What elevates a film to the level of “Best Picture”? Is it directing? Acting? Set design? Score? Popularity? Social relevance? Luck ? Craft? A really good marketing campaign? Casting Daniel Day-Lewis? Or, is it just the right combination of all of the above?
It’s a question that’s become especially meaningful as the Academy of Motion Pictures Arts and Sciences struggles to reconcile box-office hits and genre films with more the traditional dramatic fare it is used to rewarding. The short-lived decision to introduce a “Best Popular Film” category, has forced us all to reassess what we consider an Oscar-worthy movie.
It’s an issue that’s far from resolved. One only has to glance at the many earth-shatteringly good films of 2018 — many of them directed by or starring women — that do not appear on the Academy’s final list of contenders to see that. But 2019’s crop of eight Best Picture nominees (Black Panther, Vice, Green Book, A Star Is Born, Bohemian Rhapsody, Roma, The Favourite, and BlackKklansman) does reflect an industry in flux.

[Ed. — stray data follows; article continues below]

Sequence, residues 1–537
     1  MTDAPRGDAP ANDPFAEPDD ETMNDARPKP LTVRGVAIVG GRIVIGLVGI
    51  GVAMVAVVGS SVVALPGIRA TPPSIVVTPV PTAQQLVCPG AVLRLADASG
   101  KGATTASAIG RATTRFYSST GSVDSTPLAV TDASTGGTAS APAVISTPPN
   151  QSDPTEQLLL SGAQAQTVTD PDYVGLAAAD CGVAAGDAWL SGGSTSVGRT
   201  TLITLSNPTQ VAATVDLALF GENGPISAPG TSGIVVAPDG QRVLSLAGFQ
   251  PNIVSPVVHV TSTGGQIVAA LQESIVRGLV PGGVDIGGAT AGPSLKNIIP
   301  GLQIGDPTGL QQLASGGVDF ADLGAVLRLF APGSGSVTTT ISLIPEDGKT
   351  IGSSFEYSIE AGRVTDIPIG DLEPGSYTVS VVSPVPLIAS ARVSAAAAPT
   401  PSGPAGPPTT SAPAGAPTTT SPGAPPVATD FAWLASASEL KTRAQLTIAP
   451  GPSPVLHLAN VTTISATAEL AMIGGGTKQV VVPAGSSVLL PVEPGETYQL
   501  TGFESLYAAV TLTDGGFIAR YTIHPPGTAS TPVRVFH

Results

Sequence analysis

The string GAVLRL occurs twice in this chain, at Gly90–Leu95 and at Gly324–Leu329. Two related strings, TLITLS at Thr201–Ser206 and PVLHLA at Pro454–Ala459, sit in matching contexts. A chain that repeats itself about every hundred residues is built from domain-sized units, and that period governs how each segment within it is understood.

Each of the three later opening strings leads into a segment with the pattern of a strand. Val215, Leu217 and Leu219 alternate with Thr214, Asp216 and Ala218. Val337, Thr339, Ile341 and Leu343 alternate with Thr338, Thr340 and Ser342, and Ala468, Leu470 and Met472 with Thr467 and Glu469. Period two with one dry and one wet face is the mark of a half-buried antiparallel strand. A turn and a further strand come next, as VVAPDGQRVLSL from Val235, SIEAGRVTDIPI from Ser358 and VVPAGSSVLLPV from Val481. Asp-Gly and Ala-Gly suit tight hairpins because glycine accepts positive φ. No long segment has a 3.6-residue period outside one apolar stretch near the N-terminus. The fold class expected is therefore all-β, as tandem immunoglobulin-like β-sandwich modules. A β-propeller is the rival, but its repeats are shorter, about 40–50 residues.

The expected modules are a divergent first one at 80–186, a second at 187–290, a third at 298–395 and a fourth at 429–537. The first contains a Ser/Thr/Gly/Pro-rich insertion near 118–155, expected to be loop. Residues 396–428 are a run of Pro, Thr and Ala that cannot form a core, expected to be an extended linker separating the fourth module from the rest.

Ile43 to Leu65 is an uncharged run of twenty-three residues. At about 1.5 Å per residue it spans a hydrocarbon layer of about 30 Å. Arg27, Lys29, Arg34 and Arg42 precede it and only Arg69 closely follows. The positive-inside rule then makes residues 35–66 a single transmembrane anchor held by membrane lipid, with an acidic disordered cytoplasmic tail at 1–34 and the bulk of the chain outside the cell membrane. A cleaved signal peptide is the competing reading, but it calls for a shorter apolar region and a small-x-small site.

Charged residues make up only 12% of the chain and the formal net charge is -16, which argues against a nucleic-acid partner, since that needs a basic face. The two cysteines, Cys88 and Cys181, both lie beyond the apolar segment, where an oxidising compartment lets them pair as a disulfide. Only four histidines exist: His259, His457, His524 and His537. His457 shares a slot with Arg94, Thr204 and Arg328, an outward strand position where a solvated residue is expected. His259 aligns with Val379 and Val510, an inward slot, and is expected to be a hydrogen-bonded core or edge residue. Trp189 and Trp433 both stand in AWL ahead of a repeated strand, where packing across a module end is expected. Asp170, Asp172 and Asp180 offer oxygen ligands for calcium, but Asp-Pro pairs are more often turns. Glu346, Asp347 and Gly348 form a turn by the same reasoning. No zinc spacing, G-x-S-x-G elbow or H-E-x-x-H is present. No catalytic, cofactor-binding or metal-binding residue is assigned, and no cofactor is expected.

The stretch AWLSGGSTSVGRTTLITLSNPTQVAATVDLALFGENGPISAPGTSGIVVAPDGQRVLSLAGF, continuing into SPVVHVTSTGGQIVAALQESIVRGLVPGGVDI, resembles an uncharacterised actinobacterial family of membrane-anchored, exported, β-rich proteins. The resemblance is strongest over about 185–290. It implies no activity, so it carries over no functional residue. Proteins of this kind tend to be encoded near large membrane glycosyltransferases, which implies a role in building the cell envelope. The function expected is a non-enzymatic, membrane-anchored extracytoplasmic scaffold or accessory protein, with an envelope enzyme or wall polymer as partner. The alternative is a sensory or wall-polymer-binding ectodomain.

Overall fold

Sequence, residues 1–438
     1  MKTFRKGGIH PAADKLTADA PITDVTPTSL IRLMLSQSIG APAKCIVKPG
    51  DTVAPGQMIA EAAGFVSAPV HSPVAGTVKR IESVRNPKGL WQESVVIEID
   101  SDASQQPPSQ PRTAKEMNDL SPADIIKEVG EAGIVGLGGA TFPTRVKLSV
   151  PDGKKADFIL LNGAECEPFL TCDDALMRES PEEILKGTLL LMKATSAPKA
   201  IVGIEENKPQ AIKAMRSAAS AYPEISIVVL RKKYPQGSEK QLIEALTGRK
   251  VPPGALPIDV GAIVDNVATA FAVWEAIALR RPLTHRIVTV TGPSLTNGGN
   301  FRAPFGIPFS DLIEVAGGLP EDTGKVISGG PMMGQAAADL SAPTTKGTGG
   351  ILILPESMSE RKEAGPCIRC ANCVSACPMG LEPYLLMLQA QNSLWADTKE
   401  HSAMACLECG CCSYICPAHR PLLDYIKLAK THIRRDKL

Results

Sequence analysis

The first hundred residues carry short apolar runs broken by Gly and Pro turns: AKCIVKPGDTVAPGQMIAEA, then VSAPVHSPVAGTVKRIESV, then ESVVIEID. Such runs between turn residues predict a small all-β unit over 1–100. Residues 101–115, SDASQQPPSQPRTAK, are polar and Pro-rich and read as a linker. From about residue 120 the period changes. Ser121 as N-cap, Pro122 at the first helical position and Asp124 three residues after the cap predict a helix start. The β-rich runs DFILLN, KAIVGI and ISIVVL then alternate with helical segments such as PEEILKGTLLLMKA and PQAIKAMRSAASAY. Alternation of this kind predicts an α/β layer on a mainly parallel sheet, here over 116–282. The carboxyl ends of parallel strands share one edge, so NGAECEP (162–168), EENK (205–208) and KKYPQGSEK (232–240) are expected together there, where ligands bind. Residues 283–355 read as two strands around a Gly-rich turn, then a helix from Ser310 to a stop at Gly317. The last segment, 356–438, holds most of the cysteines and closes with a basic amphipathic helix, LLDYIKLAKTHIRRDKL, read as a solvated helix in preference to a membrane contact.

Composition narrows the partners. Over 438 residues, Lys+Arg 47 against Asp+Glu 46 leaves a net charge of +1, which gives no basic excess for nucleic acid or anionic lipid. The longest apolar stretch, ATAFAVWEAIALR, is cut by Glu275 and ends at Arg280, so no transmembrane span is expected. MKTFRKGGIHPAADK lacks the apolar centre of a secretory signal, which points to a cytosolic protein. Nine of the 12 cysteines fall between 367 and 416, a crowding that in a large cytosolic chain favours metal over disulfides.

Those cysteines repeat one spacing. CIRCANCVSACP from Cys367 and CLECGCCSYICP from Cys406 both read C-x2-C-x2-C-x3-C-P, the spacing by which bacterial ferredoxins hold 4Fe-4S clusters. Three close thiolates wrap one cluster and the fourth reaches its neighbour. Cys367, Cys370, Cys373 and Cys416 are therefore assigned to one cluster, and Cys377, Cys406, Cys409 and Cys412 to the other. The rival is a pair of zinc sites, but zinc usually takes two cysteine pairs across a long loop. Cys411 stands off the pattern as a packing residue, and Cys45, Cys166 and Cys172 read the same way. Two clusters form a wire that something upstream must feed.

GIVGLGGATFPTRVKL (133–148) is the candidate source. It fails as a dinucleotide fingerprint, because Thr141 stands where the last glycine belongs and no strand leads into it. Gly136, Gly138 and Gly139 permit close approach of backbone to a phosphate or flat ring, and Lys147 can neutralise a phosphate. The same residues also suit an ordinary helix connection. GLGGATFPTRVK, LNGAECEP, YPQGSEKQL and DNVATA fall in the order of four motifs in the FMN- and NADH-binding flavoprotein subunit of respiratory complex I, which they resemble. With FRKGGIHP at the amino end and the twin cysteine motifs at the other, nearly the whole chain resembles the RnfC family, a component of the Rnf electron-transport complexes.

Half the fun of the Oscars is the guessing game that comes before, and without a host, good speeches, and many of the winners relegated to commercial breaks, it might be the only thing we have left to enjoy. But there’s also a more serious reason to take the Best Picture race seriously. As the only category that the whole of the Academy’s roughly 8,000 members are eligible to vote in, it represents the most comprehensive barometer of the industry as a whole.
With less than a month to go, the category remains fairly undecided. In a rare and weird upset, the most influential industry guilds have split in handing out their own Best Picture awards — only the fifth time that this has happened. The Producers Guild chose Green Book, Directors Guild went with Roma, and the Screen Actors Guild award for Best Ensemble Cast very memorably went to Black Panther.